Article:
Housing Market Tracker: A notable drop in inventory – HousingWire
The housing market saw inventory fall 4% last week from the week before. That’s a big one-week change. Does that mean we are heading back to all-time lows in inventory again for 2023?
Traditionally, we do see housing inventory fall in the month of December, however, we clearly saw in the second half of 2022 that higher rates created more days on the market and inventory was lingering longer. During the last four weeks and especially this past week, we are seeing inventory decline faster than expected.
So, is this the traditional seasonal decline we see during every December/January, or have falling mortgage rates (since mid November) contributed to this? The purchase application data will help us find the answer. Purchase application data corresponds to future demand, meaning that even when the number of applications is growing, we won’t see it in sales data until 30-90 days out. This is why we need to track it on a weekly basis.
Purchase application data
Usually, I wouldn’t put much weight in data for the last week and the first week of the year because it’s seasonally the slowest period. However, even with a seasonal decline in volume and the fact that many people don’t apply for a mortgage during the holidays, there is something to be seen here because the data line snapped a seven-week positive trend as mortgage rates rose toward the end of the year.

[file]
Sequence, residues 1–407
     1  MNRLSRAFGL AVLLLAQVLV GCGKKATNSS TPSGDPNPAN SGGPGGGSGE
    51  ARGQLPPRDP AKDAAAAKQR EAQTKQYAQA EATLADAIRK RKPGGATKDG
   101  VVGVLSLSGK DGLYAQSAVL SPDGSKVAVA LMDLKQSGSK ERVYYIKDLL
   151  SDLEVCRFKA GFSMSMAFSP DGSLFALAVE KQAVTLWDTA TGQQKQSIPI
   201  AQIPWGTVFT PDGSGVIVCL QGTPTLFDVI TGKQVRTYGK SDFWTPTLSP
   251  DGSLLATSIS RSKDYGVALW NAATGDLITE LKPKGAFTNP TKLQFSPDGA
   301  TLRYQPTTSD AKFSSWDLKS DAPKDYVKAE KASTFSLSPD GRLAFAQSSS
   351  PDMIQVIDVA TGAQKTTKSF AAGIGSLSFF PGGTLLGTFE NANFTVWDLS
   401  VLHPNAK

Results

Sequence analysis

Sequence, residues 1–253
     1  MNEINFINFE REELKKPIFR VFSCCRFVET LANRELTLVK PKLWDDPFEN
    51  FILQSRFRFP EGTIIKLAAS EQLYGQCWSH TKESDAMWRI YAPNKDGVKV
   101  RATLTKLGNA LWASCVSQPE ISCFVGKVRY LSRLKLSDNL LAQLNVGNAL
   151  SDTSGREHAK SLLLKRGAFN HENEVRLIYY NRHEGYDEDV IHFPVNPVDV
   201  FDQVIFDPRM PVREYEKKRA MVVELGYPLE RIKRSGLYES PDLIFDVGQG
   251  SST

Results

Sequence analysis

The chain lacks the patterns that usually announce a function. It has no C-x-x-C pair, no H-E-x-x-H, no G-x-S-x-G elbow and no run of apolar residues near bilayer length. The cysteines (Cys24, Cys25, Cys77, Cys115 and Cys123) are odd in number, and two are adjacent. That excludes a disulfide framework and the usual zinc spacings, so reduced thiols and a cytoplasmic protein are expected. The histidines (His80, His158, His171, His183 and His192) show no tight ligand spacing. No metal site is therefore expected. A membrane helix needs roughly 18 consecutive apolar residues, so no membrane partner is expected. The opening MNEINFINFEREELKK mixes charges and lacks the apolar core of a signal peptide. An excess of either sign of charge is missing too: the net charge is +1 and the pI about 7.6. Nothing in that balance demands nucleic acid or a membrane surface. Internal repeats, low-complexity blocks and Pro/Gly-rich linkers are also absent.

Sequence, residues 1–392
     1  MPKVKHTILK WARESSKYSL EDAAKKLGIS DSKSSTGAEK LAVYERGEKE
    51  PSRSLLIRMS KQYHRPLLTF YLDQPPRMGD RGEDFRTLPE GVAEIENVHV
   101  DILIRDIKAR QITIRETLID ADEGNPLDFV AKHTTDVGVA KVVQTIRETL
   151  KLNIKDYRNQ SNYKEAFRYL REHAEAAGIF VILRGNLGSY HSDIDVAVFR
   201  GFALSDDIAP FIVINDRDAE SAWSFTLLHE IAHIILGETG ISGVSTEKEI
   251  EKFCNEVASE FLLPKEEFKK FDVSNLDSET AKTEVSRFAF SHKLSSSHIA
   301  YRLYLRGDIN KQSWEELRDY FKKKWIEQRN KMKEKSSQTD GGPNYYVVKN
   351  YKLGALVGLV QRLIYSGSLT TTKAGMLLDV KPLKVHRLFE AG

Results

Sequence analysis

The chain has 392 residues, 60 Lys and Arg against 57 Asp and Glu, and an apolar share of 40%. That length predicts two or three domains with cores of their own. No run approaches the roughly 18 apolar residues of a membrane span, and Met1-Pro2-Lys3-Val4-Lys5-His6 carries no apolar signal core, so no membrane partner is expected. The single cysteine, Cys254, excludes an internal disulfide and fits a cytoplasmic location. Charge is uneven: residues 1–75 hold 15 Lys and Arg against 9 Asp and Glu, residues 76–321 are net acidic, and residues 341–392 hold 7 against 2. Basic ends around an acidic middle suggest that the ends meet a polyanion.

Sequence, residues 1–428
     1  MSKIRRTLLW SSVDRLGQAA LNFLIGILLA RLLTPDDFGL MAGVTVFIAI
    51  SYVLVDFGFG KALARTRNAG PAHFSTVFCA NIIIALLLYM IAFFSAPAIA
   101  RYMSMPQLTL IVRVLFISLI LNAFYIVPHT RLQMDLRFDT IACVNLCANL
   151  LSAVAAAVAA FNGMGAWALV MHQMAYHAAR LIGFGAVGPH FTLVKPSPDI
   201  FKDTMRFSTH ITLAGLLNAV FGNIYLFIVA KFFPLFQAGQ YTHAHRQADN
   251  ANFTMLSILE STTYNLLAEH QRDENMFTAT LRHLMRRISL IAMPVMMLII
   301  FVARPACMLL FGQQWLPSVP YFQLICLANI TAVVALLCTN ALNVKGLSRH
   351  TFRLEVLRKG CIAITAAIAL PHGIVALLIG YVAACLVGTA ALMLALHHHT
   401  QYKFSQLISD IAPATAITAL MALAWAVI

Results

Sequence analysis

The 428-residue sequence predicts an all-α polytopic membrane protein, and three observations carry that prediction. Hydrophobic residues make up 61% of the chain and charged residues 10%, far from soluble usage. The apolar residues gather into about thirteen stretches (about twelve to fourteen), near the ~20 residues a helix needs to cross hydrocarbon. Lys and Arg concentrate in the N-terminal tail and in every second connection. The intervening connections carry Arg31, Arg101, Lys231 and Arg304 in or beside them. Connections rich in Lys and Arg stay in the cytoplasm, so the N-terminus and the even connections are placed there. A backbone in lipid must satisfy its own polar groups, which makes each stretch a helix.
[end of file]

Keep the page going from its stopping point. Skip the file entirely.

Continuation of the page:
Before these two weeks, purchase applications had seven weeks of positive data, tracking with the drop in mortgage rates from 7.37% in November to 6.12%. Then rates rose toward the end of the year to back over 6.5%: that rise in rates could have facilitated the weaker purchase application data in the past two weeks.
Since purchase applications deviated from the trend and changed with higher rates, we have to pay attention to that. Now that mortgage rates have fallen again, the next few weeks will provide more clarity.
Purchase application data is very seasonal in a standard setting: it typically rises after the second week of January through the first week of May. Traditionally after May, total volume always falls. However, the year-over-year data is still critical to keep track of for the housing market.
We have to show discipline here; this data line had a historic waterfall dive, wiping out seven years of gains in one year (see chart below). The bar is so low that we can all trip over it, so the weekly data focus will be critical.